If you’re looking for the petition to Prime Minister Stephen Harper, click here.
Last Monday the Premier of the Turks and Caicos Islands, Rufus Ewing, was in Canada visiting with Prime Minister Stephen Harper. The purpose of the trip was to “boost ties” between the two countries. It was about trade, which most people would agree is a fairly typical kind of meeting.
However, this meeting struck a different headline in the media. And that’s because–for almost a century–there have been discussions and proposals put forward in this country to annex the Turks and Caicos Islands. The earliest record appears to be from 1917 when Prime Minister Robert Borden first suggested it.
Since then, the idea has been raised on many other occasions. In fact, both Nova Scotia and Saskatchewan have actually stepped forward and formally invited the Turks and Caicos to join their provinces. Here’s what Saskatchewan Premier Brad Wall had to say during this most recent visit:
“I think we want to be constructive in Saskatchewan. If the Prime Minister’s looking for a way to make this happen and doesn’t want to go through the challenge of creating a province or territory, and Turks and Caicos want to make this happen, just, you know, we’d like a tropical island.“
Presumably this approach would be easier than creating an 11th province or 4th territory. But despite these offers and efforts over the years, the idea has always been ultimately rejected. Following this week’s meeting, Foreign Affairs Minister John Baird stepped forward and also firmly rejected the idea:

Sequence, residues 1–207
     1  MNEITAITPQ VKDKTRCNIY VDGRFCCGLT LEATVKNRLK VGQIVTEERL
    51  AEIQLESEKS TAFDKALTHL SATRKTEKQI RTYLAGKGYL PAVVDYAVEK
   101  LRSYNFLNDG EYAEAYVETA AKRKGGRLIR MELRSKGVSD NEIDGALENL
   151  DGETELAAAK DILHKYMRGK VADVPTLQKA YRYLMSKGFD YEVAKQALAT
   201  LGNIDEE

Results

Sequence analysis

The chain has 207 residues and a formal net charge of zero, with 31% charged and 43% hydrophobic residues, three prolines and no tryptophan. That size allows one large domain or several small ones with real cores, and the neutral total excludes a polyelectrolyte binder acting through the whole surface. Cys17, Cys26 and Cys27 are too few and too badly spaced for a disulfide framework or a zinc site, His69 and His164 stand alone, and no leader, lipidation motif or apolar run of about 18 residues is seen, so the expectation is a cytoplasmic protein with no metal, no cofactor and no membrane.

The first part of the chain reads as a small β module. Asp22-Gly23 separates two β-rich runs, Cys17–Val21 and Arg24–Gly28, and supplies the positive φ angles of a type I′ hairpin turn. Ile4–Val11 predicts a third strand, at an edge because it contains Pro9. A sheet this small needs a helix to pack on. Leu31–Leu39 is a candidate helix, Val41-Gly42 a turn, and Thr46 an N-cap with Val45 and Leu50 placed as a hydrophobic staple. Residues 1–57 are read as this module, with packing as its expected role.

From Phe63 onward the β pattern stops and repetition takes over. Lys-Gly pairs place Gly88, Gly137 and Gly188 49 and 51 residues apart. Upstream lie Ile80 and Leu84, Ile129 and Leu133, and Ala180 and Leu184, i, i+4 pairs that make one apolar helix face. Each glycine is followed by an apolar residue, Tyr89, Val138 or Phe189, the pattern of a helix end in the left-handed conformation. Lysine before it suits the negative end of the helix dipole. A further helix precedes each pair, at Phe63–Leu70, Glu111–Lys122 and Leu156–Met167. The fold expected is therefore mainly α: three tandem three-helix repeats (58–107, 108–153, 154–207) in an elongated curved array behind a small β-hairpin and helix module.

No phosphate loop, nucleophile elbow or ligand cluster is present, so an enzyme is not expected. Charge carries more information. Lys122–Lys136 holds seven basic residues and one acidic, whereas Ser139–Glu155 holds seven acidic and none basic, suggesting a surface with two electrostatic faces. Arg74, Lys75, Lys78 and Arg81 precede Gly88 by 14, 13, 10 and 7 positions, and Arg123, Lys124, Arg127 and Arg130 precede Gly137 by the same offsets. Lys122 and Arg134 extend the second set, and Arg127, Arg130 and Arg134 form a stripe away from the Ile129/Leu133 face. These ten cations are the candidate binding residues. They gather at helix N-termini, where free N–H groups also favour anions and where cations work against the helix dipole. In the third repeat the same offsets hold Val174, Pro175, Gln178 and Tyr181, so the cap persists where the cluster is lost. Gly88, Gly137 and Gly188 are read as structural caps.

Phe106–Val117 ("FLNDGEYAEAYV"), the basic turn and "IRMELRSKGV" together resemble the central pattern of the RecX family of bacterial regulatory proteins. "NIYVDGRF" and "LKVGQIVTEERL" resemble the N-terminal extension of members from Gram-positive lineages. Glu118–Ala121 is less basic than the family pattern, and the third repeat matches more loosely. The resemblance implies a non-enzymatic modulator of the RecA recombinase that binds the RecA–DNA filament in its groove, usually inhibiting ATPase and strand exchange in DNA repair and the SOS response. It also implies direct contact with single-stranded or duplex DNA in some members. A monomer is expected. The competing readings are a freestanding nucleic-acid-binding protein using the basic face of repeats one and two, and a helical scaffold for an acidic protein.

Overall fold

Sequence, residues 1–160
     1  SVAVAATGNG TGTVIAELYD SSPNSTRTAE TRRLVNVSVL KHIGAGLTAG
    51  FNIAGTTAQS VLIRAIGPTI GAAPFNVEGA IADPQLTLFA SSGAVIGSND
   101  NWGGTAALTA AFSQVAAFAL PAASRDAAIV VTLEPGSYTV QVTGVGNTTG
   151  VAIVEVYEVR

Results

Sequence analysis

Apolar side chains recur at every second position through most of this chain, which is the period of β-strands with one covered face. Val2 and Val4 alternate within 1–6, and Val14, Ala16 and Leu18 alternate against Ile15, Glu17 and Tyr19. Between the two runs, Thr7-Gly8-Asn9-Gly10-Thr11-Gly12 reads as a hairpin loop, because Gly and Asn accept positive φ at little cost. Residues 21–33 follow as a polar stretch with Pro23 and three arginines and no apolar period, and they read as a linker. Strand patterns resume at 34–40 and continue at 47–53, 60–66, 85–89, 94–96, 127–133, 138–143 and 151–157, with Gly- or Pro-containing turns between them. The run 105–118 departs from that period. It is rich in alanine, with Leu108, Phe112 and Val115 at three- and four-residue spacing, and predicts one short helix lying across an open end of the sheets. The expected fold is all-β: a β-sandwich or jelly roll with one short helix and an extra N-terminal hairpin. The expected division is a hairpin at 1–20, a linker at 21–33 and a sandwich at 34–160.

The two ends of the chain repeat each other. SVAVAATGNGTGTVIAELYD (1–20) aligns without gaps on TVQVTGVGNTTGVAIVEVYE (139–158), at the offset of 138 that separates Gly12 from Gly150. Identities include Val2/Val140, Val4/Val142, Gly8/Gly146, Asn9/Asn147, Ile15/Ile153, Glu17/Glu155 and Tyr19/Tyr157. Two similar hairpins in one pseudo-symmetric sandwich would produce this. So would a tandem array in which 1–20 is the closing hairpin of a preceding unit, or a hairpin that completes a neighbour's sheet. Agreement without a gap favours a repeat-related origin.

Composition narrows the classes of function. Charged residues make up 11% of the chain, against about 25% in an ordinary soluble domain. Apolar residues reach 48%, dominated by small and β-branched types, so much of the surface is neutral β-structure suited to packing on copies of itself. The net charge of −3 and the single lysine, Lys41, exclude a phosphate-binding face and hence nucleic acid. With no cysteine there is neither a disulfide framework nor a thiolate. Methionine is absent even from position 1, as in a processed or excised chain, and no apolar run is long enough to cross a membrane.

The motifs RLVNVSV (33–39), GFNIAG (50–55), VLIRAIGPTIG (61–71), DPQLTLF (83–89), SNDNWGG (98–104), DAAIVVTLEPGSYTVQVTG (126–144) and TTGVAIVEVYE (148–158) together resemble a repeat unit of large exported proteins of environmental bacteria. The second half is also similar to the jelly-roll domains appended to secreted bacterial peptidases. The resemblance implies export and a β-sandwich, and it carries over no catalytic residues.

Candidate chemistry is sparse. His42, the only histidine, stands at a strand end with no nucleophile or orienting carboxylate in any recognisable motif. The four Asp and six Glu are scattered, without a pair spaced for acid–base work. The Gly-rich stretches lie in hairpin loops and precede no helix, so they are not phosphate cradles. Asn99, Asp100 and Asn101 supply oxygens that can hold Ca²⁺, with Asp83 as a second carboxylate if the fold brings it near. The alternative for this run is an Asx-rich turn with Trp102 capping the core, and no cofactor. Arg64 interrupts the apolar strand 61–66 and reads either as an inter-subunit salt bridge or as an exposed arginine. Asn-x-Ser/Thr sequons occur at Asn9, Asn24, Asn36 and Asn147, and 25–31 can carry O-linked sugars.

"We’re not in the business of annexing islands in the Caribbean to be part of Canada. So that’s not something that we’re exploring. We’re not looking at any sort of formal association with the islands.”
But I think that’s a mistake.
We should be giving serious consideration to this opportunity and, today, I’m going to outline a few of the reasons why I think that. At the end of this post, I will then ask you to sign a petition that I have started using Change.org that is addressed to Prime Minister Stephen Harper. The petition asks him to formally consider the annexation of the Turks and Caicos.
About the Turks and Caicos
But before I dive in, here’s a bit of background on the Turks and Caicos. The country is a collection of approximately 40 islands–most of which are uninhabited. They are a British Overseas Territory, but are self governing. However, from August 2009 to November 2012 the UK temporarily suspended its ability to self govern following allegations of corruption and fiscal mismanagement.
The country has a population of just over 36,000 people and a nominal GDP of around $728 million. The main drivers of the economy are tourism and offshore financial services. The biggest sources of tourists are the US and Canada. Each year approximately 42,000 Canadians visit the Turks and Caicos. To put these numbers into perspective, the population of of Toronto’s St. Jamestown neighborhood alone, is thought to be around 25,000 people.
The land area of the country is approximately 613 square kilometres, which results in a population density of 51 people per square kilometre. For comparison, the land area of the City of Toronto alone (not the Greater Toronto Area) is almost equal at roughly 630 square kilometres. The population density averages around 4,150 people per square kilometre.
Now, onto why I believe we should be looking at a union. Here are 5 reasons.
1. They are open to the idea